Jeff Mills – Orchestral Manoeuvres in the Barbican
Richard Brophy reports on Light From The Outside World, the recent performance by Jeff Mills and The BBC Symphony Orchestra, discussing the project with the Detroit icon.
This is techno in 2015. It’s a wet and windy Saturday night and we are in the bowels of London’s labyrinthine Barbican Centre, ready for an early evening performance to start. Around the foyer and at the bar, amid the chinking of glasses and the ringing of tills, a variety of languages are audible, as an international crowd chatters. Label owners, DJs and industry types congregate to exchange stories, all around us an atypical-looking audience is either filing in to the tiered hall or already unexpectedly fidgeting in the plush seats, waiting for the show to begin.
Instead of the usual genteel, well-heeled attendees that frequent the Barbican, tonight’s crowd consists of black clad, unshaven, UR T-shirt wearing individuals. If this seems surprising, it’s because we are all here to witness something out of the ordinary, the world premiere of a show called Light From The Outside World.
However, this is not a performance from a well-known classical composer, but a collaboration between Jeff Mills and the BBC Symphony Orchestra who are performing tracks from the Detroit techno DJ and producer’s back catalogue.
In 2005 he worked with the Montpelier Philharmonic Orchestra on a similar project, The Blue Potential, which was later released as an album. Since the late ‘90s he has been providing soundtracks to films like Fritz Lang’s Metropolis and Woman In The Moon to his own techno documentary Man From Tomorrow. Arguably, Mills’ experiments outside of the military precision techno he is perhaps unfairly renowned for have made for some of his most impressive releases, including his X-102 and X-103 releases with Mike Banks and Robert Hood, and then just Hood, respectively.
Light From The Outside World takes its title from a line in the film Fantastic Voyage (which Mills has separately scored in the past) and is described by the Barbican as the follow up to The Blue Potential. When Mills walks on to the stage to a full venue, he’s dressed in a dapper grey charcoal suit, black patent shoes and what bizarrely looks like a neck pillow from a long-haul flight on his collar – could it be that his tailoring is as conceptual as his music? He looks the part of veteran club DJ turned classical music buff.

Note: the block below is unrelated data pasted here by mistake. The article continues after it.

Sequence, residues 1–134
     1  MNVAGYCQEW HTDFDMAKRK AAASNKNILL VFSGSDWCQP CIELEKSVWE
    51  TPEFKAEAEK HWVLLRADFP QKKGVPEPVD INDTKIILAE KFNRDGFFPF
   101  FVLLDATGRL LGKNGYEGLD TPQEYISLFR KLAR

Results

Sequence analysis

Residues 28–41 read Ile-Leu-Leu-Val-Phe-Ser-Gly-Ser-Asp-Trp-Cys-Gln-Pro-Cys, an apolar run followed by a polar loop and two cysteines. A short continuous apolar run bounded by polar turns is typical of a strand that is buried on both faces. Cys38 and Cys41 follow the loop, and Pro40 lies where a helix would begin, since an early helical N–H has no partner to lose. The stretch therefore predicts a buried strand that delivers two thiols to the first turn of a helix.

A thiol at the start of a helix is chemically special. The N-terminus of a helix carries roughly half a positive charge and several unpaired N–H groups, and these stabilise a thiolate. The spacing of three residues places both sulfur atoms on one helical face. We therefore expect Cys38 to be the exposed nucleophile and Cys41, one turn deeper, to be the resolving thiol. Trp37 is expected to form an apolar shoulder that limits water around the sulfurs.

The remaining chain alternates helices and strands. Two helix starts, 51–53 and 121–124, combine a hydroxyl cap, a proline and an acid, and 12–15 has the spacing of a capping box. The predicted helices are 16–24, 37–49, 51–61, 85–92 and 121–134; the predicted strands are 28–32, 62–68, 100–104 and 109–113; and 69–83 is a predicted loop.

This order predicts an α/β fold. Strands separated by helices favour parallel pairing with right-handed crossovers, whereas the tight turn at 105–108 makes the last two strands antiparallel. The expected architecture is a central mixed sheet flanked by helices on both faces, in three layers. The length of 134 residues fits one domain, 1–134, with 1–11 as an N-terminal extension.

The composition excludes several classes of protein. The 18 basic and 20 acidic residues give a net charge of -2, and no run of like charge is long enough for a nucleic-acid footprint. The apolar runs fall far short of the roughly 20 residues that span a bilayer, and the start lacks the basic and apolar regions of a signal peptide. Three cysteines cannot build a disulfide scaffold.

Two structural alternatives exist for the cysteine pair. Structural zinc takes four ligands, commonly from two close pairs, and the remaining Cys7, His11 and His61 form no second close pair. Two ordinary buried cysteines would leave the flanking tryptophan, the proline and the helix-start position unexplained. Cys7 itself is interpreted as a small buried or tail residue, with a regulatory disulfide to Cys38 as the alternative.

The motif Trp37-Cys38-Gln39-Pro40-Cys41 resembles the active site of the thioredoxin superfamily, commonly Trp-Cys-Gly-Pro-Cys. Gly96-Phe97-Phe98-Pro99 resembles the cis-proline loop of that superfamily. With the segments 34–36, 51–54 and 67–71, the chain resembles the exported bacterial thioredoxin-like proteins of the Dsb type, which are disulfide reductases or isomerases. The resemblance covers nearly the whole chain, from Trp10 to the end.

The orchestra’s conductor, Christophe Mangou, joins him and in a neat piece of continuity, the orchestra launches into “Gamma Player” from the 1995 Millsart release Humana, which also featured in the Montpelier Philharmonic Orchestra session. Interpreted by a full orchestra’s string section, the track’s beguiling synths take on a new form, an extra dimension, dive-bombing dramatically over hypnotic pulses with the unflinching intent of an army of gulls gorging on a trawler’s sea-slops.
Mills is clearly enthused by the collaboration and gets on the mic a number of times throughout the show to talk about the project and it origins. He announces a cover version of an Ashford & Simpson song and talks about it in relation to his early days as a DJ in Detroit.
Mills is clearly at home in this environment, and, working with Mangou, uses sections of the orchestra to reinterpret his studio techniques. The string section is deployed by turns as a replacement for filtering and percussive volleys, the horns blast furiously to re-imagine atonal, distorted elements.
It’s against this backdrop that “The Bells” – Mills’ most over-played and best known track – takes on a new life, and the dramatic rave stabs of X-101’s “Sonic Destroyer” are transformed by a cacophony of violins and cellos.